As someone who is from the area, I pass the girlhood home of Louisa May Alcott year round when I bring my youngest daughter to preschool off Meriam Road just beyond Orchard House. Since it is a part of my routine landscape, I found myself only taking note of it when the film crews arrive on one or two occasions throughout the year. However, I chose to shake off the familiarity bred by one too many times up and down the same road and put myself in the position of visitor this past week, so as to experience it from the inside out with my two daughters. Upon entering, I was immediately impressed at how they made the Alcott family come to life for their young visitors.
In my particular case, I chose to enlist in a wonderful program called Hand-in-Hand. It is created specifically for girls four to six and draws them into what might have been the daily life of the Alcott children. At the same time it is wonderfully informative for the parents to tour each of the rooms and understand how they functioned for the family in that time period. One interesting note, the tour guide who was a very engaging college age women told the children that the Alcott sisters worked together in the morning with Marmie to prepare the food for the day, along with all necessary chores required to keep a household going in the mid-19th century. She asked her young audience what chores they performed at home to help pitch in during the morning hours or other times…the room was embarrassingly silent; including my daughters.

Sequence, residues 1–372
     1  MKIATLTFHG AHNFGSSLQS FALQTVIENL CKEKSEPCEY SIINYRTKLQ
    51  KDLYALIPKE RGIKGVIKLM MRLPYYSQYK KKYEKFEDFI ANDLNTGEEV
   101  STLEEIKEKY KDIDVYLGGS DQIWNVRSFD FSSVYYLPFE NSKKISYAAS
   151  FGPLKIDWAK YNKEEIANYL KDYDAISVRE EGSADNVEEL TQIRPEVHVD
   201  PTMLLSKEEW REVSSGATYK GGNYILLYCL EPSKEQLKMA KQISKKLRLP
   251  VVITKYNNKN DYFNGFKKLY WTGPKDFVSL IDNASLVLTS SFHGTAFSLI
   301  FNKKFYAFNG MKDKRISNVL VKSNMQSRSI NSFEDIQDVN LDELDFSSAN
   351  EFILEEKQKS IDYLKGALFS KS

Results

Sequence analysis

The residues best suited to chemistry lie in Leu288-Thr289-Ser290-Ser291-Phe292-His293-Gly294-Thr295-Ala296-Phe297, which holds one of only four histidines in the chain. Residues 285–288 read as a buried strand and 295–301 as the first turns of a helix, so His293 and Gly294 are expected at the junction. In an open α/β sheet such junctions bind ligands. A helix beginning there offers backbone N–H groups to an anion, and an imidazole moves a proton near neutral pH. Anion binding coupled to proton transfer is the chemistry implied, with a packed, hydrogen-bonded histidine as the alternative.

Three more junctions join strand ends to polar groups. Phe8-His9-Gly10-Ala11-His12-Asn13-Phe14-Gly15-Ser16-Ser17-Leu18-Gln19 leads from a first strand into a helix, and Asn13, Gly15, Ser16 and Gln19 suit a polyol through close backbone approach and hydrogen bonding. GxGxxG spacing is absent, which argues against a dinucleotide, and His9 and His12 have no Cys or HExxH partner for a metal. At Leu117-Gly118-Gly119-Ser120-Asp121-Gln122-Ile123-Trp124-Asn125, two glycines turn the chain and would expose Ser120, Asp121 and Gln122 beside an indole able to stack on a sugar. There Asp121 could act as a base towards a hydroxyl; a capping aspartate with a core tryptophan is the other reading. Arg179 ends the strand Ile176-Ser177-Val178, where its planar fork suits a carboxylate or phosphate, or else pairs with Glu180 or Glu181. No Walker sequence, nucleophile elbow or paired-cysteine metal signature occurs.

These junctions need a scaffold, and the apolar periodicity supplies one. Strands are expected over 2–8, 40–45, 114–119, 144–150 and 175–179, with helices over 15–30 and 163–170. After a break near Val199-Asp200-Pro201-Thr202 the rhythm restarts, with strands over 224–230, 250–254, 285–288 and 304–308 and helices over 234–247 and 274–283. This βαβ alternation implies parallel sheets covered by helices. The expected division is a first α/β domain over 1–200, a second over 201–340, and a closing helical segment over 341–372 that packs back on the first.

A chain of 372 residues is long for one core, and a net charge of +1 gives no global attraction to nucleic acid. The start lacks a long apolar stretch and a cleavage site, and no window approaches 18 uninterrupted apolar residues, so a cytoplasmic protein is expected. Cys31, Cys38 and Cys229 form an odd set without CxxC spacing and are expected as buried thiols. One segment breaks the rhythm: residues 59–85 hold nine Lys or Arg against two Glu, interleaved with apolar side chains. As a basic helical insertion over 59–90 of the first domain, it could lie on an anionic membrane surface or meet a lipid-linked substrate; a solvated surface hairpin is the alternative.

It was an interesting read on how times have changed. While there is sometimes homework to be done or in our case some instrument practice, it’s not really a question of whether you’ll thrive as a family if your daughters or sons complete chores or not. But it was hard not to cringe a bit knowing the replacement is often watching a show, even on PBS, while waiting for Mom to fix up some breakfast.
The high point here was the fact that this audience of young girls were fully attentive and truly curious about the way these young women lived. The program itself was a combination of age-appropriate stories, fact finding scavenger hunts around the house, songs and questions and answers. I highly recommend it. The Orchard House is not a passive historical journey. The people behind the scenes have chosen not to fall into the trap of cliche or standard tourist fare. They have created a living and breathing adventure for young and old and I hope to go back at some point for the “Adult” tour.